- Lex Naturalis, which Hobbes recognized when he first distinguished in his writings between the rights of nature, or natural rights, which he defined as jus naturale, and the law of nature or lex naturalis which he called the Law of Nature;[vi] In turn, such a Lex Naturalis, or the Law of Nature is based on the necessity that all living beings have a basic right to self-preservation; as such, the Lex Naturalis of self-preservation is presented here as a necessary general principle of international environmental law that is, in turn, inherent in the Rule of Law. Another name for such a Law of Nature is or could be a Global Pact for the Environment.
- Jus Publicum, or Public Law, especially the international environmental law of public trusts: Justinian was the first in the civil law tradition to define a public fiduciary duty, or a “public trust,” consistent with the Law of Nations, as described in his Institutes, and elsewhere in his Corpus Civilis.[vii] Due to this legal innovation of Justinian, the doctrine of public trusts as Res Communis including the seas as well as “water, waterways and shorelines” — have been legally recognized in a variety of domestic jurisdictions around the world since ancient times.”[viii]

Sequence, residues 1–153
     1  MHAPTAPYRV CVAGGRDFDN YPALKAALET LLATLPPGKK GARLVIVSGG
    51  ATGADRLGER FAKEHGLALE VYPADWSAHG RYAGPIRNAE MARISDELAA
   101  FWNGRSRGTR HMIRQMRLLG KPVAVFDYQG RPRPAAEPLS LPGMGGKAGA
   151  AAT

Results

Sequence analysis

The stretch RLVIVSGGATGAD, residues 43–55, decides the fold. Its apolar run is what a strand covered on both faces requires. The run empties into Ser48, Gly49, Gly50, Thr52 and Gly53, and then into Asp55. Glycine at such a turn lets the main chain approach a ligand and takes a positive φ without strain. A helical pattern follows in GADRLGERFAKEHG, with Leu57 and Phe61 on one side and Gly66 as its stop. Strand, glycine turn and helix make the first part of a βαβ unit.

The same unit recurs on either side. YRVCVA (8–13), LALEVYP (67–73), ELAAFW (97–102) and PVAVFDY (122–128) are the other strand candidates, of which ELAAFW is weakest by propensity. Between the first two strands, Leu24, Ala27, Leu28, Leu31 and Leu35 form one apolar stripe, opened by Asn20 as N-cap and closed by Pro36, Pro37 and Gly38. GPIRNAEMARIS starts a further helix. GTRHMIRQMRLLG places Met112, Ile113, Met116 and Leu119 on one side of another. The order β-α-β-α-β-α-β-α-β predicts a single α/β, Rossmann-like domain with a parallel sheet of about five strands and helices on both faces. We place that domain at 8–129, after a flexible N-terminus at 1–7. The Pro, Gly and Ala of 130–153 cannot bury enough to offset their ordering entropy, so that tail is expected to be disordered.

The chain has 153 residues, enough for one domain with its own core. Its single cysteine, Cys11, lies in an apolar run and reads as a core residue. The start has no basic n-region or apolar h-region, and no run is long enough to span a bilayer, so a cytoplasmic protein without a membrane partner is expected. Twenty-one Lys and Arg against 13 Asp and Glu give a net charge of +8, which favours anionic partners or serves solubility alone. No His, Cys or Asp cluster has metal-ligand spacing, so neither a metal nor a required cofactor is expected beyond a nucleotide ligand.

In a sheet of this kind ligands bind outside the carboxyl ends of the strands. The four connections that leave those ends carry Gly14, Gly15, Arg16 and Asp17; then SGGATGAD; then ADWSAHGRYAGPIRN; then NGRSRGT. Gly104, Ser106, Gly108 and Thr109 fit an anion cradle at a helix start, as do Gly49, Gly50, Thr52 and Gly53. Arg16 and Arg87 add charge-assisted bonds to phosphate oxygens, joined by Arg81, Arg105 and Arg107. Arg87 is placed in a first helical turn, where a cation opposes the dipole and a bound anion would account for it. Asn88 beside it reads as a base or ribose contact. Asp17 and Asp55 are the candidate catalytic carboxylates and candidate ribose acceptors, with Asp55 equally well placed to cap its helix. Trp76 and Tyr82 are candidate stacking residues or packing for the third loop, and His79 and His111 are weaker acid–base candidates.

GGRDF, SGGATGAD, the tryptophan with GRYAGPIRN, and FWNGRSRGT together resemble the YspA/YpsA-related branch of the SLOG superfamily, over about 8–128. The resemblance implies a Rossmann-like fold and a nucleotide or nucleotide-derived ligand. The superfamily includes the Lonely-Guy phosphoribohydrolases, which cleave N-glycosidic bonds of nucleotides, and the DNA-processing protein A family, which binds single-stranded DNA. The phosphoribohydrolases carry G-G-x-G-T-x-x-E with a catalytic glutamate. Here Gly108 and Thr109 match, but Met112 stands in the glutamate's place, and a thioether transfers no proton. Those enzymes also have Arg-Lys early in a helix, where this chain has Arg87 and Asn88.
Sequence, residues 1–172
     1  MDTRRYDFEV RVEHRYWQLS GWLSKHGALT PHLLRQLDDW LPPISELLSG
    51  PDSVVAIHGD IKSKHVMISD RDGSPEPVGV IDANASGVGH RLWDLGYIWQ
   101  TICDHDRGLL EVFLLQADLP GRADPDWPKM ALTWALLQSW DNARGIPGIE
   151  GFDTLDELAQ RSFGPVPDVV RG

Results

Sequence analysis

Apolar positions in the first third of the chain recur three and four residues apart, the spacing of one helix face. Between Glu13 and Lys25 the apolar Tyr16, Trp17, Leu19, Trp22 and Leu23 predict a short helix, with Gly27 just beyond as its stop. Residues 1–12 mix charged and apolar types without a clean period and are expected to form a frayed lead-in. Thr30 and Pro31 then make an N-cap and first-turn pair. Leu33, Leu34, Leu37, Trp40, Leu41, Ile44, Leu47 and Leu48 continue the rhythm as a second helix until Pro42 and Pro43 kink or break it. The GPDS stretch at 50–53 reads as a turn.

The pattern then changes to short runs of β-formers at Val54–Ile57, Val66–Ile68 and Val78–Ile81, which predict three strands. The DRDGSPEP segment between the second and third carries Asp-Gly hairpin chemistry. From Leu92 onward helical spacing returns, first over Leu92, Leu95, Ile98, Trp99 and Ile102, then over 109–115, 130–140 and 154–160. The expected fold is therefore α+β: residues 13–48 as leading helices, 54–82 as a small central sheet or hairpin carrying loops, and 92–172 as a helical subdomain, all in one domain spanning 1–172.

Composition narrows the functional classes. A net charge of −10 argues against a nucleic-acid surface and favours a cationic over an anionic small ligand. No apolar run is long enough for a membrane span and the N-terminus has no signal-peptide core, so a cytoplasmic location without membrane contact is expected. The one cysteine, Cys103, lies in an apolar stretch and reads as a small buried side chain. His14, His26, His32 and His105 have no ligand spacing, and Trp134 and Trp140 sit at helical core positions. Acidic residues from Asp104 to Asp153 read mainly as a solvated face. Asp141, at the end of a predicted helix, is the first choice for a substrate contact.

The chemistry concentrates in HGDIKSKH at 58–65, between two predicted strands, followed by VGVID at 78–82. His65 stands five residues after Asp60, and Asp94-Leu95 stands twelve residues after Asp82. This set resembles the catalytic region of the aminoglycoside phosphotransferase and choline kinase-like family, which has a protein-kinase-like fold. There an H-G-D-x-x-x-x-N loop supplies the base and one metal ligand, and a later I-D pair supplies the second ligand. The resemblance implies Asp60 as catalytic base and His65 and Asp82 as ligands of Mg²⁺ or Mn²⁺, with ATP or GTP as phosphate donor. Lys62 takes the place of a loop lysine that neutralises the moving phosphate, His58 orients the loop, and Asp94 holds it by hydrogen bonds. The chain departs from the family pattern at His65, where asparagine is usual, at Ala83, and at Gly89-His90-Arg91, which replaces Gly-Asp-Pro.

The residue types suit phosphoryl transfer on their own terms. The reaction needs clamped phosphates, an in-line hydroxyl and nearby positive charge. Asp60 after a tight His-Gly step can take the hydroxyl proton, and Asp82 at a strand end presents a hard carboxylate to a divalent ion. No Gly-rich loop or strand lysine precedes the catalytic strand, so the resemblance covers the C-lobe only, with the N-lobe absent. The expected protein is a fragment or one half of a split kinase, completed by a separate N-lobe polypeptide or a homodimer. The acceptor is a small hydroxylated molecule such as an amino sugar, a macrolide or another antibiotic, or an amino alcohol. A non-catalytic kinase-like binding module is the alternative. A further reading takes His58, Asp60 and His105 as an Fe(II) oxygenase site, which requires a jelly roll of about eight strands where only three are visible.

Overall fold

These three concepts, taken together, provide a historic jurisdictional basis for the legal recognition by states and courts of a “general obligation by all states” concerning the “essential interests” of “whole of humankind” in preserving the ecological balance of the Earth; as such, these “essential interests” concerning the self-preservation of the “ecological balance” necessary to sustain and support all of life on Earth should also be recognized in the pending Global Pact for the Environment as a general obligation of states and domestic courts to observe and enforce.